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The Prince of Pleasure

Review by Cheryl Bolen

The Prince of Pleasure
J. B. Priestley
Harper & Rowe Publishers, 1969
304 pages

Officially titled The Prince of Pleasure and His Regency, this book is much more a chronicle of the regency than it is of the regent. If you invest in just one book on the regency, make it this book. For the 265 illustrations (44 of them full color) alone, it is worth it.

Slightly smaller than a high school yearbook, the book gives the readers a good feel for the regency. Some of the era’s most well known portraits, such as Queen Caroline’s Trial in the House of Lords and the prince regent’s full-length portraits, are presented here, as well as ones by Gainsborough.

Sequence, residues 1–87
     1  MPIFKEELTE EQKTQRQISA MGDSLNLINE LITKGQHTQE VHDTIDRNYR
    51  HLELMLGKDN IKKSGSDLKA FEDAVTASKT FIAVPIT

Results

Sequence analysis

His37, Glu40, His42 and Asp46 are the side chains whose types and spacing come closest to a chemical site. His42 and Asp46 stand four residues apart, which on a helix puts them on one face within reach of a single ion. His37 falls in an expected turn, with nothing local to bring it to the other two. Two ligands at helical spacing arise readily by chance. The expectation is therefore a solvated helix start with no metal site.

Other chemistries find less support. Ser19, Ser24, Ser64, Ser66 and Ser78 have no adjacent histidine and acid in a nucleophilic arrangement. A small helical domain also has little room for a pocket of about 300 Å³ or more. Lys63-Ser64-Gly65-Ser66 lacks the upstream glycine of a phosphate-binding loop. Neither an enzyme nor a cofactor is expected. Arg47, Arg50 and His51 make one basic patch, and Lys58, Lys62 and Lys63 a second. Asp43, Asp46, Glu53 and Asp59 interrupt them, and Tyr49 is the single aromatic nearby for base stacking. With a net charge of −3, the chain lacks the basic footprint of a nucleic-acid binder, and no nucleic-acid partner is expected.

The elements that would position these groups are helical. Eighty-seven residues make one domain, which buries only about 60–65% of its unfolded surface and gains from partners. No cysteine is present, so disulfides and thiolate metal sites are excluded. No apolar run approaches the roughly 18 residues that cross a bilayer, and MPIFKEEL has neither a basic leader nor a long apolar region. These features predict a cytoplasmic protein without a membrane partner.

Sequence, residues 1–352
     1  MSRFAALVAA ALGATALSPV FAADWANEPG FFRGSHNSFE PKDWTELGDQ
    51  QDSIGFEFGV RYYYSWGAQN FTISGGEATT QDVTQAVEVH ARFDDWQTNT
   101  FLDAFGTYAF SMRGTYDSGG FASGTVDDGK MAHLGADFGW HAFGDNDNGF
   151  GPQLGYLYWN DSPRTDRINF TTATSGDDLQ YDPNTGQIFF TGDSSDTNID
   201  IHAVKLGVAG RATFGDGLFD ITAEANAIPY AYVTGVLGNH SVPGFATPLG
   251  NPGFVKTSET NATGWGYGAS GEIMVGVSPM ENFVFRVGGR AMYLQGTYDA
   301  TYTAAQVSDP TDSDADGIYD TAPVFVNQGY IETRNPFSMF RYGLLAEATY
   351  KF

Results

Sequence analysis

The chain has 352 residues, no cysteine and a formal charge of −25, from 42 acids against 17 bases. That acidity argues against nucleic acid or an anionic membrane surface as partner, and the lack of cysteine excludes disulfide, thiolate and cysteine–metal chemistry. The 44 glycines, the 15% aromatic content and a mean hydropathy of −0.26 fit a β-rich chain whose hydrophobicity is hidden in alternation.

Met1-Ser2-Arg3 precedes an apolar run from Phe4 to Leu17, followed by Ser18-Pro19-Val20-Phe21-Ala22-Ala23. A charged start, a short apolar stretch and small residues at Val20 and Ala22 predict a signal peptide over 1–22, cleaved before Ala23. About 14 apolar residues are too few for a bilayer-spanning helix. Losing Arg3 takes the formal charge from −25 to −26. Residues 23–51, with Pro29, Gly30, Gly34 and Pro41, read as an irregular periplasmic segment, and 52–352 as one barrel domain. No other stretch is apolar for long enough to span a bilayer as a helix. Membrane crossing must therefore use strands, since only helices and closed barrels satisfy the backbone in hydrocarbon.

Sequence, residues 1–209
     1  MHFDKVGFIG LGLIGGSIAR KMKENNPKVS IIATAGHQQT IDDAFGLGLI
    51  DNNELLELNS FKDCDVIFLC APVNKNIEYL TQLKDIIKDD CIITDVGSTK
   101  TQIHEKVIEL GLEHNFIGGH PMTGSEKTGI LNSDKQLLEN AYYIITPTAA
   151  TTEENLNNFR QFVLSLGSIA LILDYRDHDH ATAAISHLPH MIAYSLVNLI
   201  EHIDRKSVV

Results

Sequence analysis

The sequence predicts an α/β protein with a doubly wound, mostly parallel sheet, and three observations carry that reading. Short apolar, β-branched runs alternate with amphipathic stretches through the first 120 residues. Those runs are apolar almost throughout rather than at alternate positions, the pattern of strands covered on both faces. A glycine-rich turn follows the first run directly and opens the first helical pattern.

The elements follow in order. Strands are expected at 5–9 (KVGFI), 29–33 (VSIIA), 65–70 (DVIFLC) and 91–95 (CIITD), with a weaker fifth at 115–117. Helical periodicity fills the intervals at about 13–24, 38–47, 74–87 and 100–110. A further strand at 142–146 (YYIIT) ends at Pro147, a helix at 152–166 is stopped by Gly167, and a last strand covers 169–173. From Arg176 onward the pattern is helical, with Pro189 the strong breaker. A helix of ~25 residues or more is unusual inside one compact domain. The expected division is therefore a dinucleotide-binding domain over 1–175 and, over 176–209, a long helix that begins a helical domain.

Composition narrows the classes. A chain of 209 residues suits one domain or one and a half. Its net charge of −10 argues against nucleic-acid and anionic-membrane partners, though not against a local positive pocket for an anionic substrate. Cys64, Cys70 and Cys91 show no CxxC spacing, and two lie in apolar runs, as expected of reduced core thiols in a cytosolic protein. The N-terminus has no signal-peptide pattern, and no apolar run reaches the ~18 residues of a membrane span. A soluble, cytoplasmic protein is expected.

Head portraits of notables, political cartoons, pictures of buildings, even copies of playbills and menus are included in this must-have reference.

Prince of Pleasure is divided into chapters, one for each year of the regency. Prior to the chapters, Priestley fills in the reader on the prince’s background and that of his large family.

Chapters are The Regency, The Romantics, Pride and Predudice, Parades and Fireworks, The Year of Waterloo, The Byron Scandal, The Line Breaks, Fact and Fiction, The Year of Peterloo, Queen’s Move, and King of Pleasure.

Priestley’s writing style is outmoded and didactic, but his book, nevertheless, fills a void.

This article first appeared in the Quizzing Glass, January-February, 2006  

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